At The Upshot today, Josh Barro makes short work of Carly Fiorina’s claim that she could reduce the federal tax code (and presumably the regulations interpreting it) to three pages.

On Tuesday, she pointed on Facebook to one way she thinks that could be done: by putting in place a tax plan proposed by the economists Robert Hall and Alvin Rabushka, who have produced draft legislation for a single-rate income tax that runs just 1,120 words.

“Reporters said it wasn’t possible,” wrote Sarah Isgur Flores, Mrs. Fiorina’s deputy campaign manager, on Twitter. “Once again, media was wrong.”

Actually, Mrs. Fiorina is wrong. The Hall-Rabushka legislation is intended to replace not the entire Internal Revenue Code but just Subtitle A, which lays out rules about how much tax is due on what income.

That would still leave Subtitles B through K, a further 1,445 pages describing taxes other than the income tax, and setting out important administrative matters like what happens if you don’t pay your taxes. Those pages would need to be retained or replaced with new law, unless Mrs. Fiorina wants the Internal Revenue Service to make up its own rules.

Barro goes on to make a very important general point about Republican “tax simplification” proposals: making tax rates “flat” does not significantly “simplify” taxes.

[T]he candidates have missed the mark in a few ways. One is by conflating tax simplicity with the number of tax rates imposed by the I.R.S.

“Simplify the income tax system to just three individual income tax rates, instead of the current six,” urges Gov. Chris Christie’s tax plan, although the actual number of tax brackets is seven. But having too many tax brackets is not why it’s hard to do taxes.

Once you know what your taxable income is, applying the right tax rates is simple arithmetic that tax software will do for you. If you make less than $100,000, you don’t even need to do arithmetic; you can read your tax liability on the convenient tax tables published by the I.R.S. What make taxes complex are all the rules that determine your taxable income in the first place.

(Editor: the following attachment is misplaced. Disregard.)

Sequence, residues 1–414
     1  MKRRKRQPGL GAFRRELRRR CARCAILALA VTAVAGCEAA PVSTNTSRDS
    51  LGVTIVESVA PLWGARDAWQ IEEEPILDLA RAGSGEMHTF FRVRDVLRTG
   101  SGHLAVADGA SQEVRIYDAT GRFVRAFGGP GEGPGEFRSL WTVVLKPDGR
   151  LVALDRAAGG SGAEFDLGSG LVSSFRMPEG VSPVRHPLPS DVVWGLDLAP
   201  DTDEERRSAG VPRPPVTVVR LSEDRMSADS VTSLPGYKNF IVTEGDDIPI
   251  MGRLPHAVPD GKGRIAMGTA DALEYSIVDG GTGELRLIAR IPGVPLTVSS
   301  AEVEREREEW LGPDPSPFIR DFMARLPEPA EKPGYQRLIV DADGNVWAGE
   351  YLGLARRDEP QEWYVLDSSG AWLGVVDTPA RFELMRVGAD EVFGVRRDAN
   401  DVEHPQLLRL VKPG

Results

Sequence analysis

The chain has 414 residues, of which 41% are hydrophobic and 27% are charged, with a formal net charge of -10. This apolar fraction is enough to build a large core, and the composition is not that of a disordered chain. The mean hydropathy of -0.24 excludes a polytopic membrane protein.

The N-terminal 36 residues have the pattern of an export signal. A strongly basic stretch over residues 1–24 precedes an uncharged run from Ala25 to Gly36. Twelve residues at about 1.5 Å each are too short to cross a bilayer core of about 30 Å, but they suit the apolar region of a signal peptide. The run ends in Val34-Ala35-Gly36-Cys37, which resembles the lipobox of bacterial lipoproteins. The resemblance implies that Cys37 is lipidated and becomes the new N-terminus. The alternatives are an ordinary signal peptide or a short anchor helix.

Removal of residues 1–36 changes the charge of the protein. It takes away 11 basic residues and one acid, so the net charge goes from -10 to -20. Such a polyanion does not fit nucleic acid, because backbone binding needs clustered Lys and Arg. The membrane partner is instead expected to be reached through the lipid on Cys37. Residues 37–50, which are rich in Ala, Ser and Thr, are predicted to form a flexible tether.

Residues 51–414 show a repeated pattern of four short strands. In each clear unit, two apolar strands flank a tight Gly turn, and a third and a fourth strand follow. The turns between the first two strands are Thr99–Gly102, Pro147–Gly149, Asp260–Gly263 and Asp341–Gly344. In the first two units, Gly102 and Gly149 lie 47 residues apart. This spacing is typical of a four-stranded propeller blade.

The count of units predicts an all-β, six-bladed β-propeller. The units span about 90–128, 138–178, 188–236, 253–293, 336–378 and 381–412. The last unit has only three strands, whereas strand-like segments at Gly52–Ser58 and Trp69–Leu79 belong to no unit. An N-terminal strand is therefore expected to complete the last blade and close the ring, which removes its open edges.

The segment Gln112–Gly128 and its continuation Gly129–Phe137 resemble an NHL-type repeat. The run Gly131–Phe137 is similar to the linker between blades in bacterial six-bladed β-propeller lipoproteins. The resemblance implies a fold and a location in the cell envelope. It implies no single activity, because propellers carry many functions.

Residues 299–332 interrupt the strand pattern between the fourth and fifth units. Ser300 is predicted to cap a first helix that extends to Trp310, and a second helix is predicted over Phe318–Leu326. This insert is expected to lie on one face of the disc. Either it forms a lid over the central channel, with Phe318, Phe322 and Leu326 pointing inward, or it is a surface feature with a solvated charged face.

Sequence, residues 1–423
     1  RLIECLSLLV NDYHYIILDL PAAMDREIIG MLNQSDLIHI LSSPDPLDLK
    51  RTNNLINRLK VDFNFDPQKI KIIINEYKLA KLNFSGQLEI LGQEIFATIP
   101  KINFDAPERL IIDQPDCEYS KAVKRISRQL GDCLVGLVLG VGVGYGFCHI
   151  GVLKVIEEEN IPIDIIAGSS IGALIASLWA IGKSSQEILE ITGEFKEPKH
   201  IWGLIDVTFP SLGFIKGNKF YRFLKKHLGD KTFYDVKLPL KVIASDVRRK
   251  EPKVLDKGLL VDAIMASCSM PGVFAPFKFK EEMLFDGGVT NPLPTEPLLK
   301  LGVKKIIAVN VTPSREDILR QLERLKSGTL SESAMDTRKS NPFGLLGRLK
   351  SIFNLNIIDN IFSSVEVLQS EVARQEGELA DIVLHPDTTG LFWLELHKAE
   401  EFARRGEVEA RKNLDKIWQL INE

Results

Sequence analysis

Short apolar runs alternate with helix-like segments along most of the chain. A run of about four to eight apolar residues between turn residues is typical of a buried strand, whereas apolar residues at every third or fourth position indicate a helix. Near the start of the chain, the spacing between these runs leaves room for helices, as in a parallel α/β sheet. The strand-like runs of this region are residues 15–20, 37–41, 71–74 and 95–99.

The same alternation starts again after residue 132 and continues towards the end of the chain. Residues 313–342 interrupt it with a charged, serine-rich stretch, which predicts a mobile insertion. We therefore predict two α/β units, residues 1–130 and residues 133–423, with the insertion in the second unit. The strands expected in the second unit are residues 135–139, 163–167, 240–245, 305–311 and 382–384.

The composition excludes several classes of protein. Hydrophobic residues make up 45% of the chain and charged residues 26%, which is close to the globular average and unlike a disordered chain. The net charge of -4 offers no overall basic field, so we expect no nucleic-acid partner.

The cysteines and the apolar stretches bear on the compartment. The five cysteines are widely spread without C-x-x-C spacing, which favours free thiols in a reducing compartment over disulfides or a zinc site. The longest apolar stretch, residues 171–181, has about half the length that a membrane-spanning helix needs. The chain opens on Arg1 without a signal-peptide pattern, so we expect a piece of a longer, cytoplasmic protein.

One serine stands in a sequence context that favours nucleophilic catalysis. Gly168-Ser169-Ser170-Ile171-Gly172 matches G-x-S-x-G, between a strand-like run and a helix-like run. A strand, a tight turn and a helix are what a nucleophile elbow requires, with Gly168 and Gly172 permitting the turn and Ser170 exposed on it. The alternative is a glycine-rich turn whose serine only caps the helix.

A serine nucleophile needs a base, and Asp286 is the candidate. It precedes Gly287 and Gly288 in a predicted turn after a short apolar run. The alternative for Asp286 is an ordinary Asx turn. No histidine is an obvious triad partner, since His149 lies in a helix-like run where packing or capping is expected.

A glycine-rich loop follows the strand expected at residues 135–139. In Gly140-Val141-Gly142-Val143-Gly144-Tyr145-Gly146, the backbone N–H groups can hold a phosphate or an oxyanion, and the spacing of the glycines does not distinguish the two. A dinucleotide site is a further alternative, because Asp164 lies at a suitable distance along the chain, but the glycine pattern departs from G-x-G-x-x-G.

I’ve been arguing for years that Republicans are forever trying to sell regressive tax rates in the guise of simplicity, when it’s entirely possible to have simple progressive rates or a complex “flat” rate. As Barro notes, one person’s unfair and lawyer-enriching “tax preference” is another’s “fairness” measure, and that is totally aside from the huge temptation facing pols in both political parties to use the tax code rather than federal spending to reflect their policy priorities, values, and even religious principles. A lot of times people blame cowardly Democrats for this deceptive practice, and that’s understandable and in some circumstances entirely just. But you’d have to say the bigger problem is multiple generations of conservatives demonizing the use of government to do much of anything other than killing or threatening some people overseas and punishing others at home for their unconventional behaviors.

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Ed Kilgore is a political columnist for New York and managing editor at the Democratic Strategist website. He was a contributing writer at the Washington Monthly from January 2012 until November 2015, and was the principal contributor to the Political Animal blog.